• I could believe it. I could also believe it was a decision made earlier, there were enough hints in performances through out that it could be planned. But it was odd, right? Like, so many plot questions left unanswered, and serious issues unaddressed, just so we could get this big action filled final scene.

      Question, did the ending feel to you like we were supposed to be happy that Kangana was off her meds and embracing her madness, or did it feel neutral or ominous? It felt triumphal to me, but maybe I was misreading it.

      On Sun, Jul 28, 2019 at 10:30 AM dontcallitbollywood wrote:



      • The ending didnt give me any positive vibes for kangana, she is still a ticking explosion, and could go deepend any minute. Not taking the medicines is a pretty bad example to show. I dont think director had any say in it since he was only directing it since the writer if the movie “kanika” is his wife. He might not have much say in it and kanika and kangana might have been on same page.


  2. The ending didnt give me any positive vibes for kangana, she is still a ticking explosion, and could go deepend any minute. Not taking the medicines is a pretty bad example to show. I dont think director had any say in it since he was only directing it since the writer if the movie “kanika” is his wife. He might not have much say in it and kanika and kangana might have been on same page.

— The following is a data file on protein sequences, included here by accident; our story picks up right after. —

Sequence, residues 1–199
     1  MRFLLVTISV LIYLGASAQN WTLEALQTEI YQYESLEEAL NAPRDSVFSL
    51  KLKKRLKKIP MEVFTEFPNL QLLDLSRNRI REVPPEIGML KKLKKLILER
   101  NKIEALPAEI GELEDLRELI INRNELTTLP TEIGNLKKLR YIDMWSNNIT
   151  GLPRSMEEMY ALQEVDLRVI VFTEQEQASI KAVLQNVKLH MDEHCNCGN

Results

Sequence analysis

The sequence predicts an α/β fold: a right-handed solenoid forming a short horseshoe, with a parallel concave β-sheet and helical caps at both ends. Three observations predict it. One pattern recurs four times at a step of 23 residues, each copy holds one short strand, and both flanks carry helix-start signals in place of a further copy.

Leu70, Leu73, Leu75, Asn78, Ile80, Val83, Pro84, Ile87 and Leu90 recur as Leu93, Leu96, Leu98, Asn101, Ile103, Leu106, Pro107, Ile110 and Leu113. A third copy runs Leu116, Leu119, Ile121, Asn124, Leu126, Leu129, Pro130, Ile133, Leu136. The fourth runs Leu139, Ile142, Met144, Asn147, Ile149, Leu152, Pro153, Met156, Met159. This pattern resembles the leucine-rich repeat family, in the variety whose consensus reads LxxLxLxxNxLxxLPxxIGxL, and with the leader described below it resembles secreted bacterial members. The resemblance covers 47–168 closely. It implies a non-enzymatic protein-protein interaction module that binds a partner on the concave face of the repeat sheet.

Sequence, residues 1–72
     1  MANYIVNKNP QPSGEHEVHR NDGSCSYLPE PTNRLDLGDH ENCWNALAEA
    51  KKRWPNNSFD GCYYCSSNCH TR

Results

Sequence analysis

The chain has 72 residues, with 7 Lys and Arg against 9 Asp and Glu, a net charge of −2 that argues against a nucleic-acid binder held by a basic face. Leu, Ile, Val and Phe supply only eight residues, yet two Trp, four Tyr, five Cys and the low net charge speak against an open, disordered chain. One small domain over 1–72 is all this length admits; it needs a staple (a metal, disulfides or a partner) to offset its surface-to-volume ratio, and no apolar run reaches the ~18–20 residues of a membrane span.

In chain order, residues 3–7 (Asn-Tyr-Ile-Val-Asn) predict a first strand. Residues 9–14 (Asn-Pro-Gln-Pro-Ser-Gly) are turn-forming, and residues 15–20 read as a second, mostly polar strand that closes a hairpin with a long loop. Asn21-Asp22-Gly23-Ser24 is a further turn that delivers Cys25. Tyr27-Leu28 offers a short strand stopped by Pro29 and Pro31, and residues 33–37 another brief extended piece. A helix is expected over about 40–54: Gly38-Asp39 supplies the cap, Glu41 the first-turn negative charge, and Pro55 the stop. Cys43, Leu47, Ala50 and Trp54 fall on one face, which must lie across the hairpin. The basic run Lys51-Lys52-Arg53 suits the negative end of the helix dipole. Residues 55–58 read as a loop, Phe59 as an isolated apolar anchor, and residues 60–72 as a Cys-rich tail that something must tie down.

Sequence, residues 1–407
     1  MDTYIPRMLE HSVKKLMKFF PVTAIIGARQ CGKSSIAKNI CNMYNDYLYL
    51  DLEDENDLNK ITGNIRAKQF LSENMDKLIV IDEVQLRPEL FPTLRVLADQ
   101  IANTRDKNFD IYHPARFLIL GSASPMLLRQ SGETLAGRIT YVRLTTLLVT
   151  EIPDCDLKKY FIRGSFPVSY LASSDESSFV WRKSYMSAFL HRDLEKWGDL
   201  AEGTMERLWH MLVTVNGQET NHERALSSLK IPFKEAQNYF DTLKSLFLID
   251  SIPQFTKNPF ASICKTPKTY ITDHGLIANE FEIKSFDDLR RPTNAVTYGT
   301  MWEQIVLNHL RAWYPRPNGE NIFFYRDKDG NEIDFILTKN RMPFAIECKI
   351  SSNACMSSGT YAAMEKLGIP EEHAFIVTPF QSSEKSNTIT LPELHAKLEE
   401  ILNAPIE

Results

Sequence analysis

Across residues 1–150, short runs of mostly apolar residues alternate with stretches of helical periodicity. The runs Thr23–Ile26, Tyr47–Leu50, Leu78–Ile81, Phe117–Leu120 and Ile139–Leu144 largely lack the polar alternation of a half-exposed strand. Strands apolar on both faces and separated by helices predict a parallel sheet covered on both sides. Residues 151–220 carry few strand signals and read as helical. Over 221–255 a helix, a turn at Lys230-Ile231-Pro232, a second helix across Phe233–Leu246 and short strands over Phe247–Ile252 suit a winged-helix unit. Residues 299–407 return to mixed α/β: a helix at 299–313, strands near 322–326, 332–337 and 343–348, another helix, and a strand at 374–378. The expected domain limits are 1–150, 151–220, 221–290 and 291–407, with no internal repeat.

• Oh, I didn’t realize the director is the husband of the scriptwriter! That’s interesting, I think she’s had a more successful career than him up until now.

      I guess it could be a statement about how women are dismissed as “crazy” and not trusted, but kind of weird to make that statement using an actually delusional character. I like Akira better.


      • Ya he hasnt good career, but had couple of good movies(morning raga); interestingly he is son of one the famous and succesfull telugu directors , raghavendra rao and also “brother in law” to producer of bahubali. In short, he doesnt need to be good 🙂

        Problem is finding a good actress who can pull this off, even though bit delusional, she is a good actress and also willing to do these roles which other actresses might hesitate.


  3. the way i interpreted the ending was actually that we’re pulled INTO bobby’s schizophrenic episode. that we see + hear what she sees + hears. by the end, i was so confused about what that climax scene meant / what really happened, it dawned on me that it was probably the writer creating the cognitive dissonance for the audience that the protagonist feels.